Appliance Safety Tips

The appliances inside of your house make your life much easier, but if you operate appliances the wrong way, they could pose significant health risks. You should care for your appliances and be sure they don’t turn into hazards by following these helpful appliance safety tips from Rhodes Appliance Repair.

The tips below can help prevent fires and injuries due to kitchen appliances. However, hazards can still happen. If an appliance has problems or starts to malfunction and becomes a danger, hire a professional appliance repair CITY.

GFCI Outlets in Wet Locations

Kitchens, laundry rooms, bathrooms, basements, mud rooms, garages and outdoor areas can be susceptible to dampness or dripping water. As you are well aware, electricity and water don’t mix, that means electrical cords and wires should always be plugged into GFCI outlets.

This special type of outlet can prevent electrocution by tripping the circuit when any inconsistencies in electricity occur.

If you don’t have GFCI outlets installed in wet rooms around your house, it’s time to install them or call an electrician in CITY. After that, for further safety measures, heed the warnings of appliance manuals that indicate a household appliance is not designed for outdoor areas.

Electrical Wires, Electronics & Outlets Away From Wet Areas

A lot of appliances are built for outdoor use, like barbecue grills. If you have electrical appliances outdoors – including refrigerators, dishwashers, freezers and ice makers, electric tools and others – monitor that all outlets and cords are not wet. Using weatherproof electronics help, along with GFCI outlets with gaskets that are water-tight.

Extension Cords are Only a Temporary Solution

Extension cords can pose many risks, including:

The potential for a loose connection that could result in sparks and cause a fire.
The likelihood of power fluctuations that can damage the appliance.
Increased susceptibility to water penetration that can result in electrocution.
The probability of cords overheating and becoming a fire hazard when an inadequate extension cord is used for a high-power appliance.

When determining an extension cord for limited-time use, be sure it’s the right gauge for the appliance in question. The smaller the gauge, the bigger the size for the cord. For instance, a simple household extension cord for a lamp will have a 16-gauge wire whereas a big cord for a air conditioner uses a 12-gauge wire.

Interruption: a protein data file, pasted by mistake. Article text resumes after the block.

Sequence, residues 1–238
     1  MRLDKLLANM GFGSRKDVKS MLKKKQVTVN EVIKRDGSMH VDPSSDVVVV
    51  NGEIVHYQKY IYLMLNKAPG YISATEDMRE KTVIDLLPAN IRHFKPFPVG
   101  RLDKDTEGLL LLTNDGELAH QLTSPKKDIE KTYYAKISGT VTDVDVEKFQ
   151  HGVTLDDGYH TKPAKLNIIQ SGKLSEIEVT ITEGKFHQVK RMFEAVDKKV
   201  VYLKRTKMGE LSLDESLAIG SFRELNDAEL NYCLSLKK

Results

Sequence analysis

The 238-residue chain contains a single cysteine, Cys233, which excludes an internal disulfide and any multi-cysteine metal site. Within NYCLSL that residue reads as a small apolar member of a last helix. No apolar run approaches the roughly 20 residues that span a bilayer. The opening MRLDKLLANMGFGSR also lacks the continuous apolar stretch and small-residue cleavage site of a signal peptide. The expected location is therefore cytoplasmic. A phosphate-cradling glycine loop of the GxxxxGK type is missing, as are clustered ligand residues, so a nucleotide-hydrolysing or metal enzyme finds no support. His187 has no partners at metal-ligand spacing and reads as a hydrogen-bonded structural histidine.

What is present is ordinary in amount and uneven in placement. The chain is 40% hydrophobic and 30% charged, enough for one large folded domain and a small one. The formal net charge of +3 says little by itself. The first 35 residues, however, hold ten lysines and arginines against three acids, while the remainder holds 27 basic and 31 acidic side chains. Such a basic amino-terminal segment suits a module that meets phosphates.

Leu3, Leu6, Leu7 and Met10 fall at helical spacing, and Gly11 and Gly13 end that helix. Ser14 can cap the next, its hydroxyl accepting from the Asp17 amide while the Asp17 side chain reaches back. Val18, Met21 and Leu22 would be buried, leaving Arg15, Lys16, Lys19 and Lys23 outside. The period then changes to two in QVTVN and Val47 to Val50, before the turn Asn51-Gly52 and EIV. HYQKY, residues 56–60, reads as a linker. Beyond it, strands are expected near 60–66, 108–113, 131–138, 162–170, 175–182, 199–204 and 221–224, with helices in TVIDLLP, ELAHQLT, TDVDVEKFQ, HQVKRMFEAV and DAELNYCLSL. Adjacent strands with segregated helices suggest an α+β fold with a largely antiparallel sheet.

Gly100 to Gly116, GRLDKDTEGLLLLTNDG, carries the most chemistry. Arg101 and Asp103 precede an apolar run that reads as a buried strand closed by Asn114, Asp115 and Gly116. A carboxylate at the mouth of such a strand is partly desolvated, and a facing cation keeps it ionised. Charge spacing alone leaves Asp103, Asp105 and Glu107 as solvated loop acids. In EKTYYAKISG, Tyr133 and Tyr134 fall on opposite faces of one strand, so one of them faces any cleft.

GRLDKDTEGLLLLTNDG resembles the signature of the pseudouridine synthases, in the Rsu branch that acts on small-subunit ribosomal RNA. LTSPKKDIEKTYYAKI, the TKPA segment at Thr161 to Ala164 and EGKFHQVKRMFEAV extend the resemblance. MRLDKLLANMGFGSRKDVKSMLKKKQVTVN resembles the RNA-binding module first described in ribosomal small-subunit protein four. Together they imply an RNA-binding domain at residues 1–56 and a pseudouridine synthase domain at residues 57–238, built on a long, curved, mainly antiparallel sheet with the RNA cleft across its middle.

The length is also important. The longer the cord is, the more electricity is gone on the way, this is called voltage drop. Short cords are advised for electric tools and equipment.

Read the Operating Manual for Any Type of Appliance You Buy

It is obvious to assume that you know how to use a new appliance without consulting the operating manual, but reading the manufacturer guidelines is necessary for a lot of reasons:

You will find out if your home’s wiring is sufficient to support the new appliance. You may have to install a new circuit to stop overloading your existing ones.

You learn about features you would not have otherwise known.
You discover if the appliance is OK for outdoor locations or not.

You avoid the frustration that can come from attempting to run a new home appliance with no instructions!

Unplug Small Appliances in Your Home if You Are Not Using Them

You are able to reduce unnecessary energy usage by unplugging appliances when not in use. This is because small appliances often include LED signals, timers and other energy-draining features during standby times.

Unplug monitors, TVs, modems, printers, routers, video game systems, smart phone chargers and more to cut back on wasteful energy usage. But remember, it is alright to keep DVRs and similar electronics plugged in to prevent missing out on their background functions.

For more tips on how to use home appliances safely, or to hire a local appliance repair service, please contact Rhodes Appliance Repair. Our repairmen can repair all popular home appliances!


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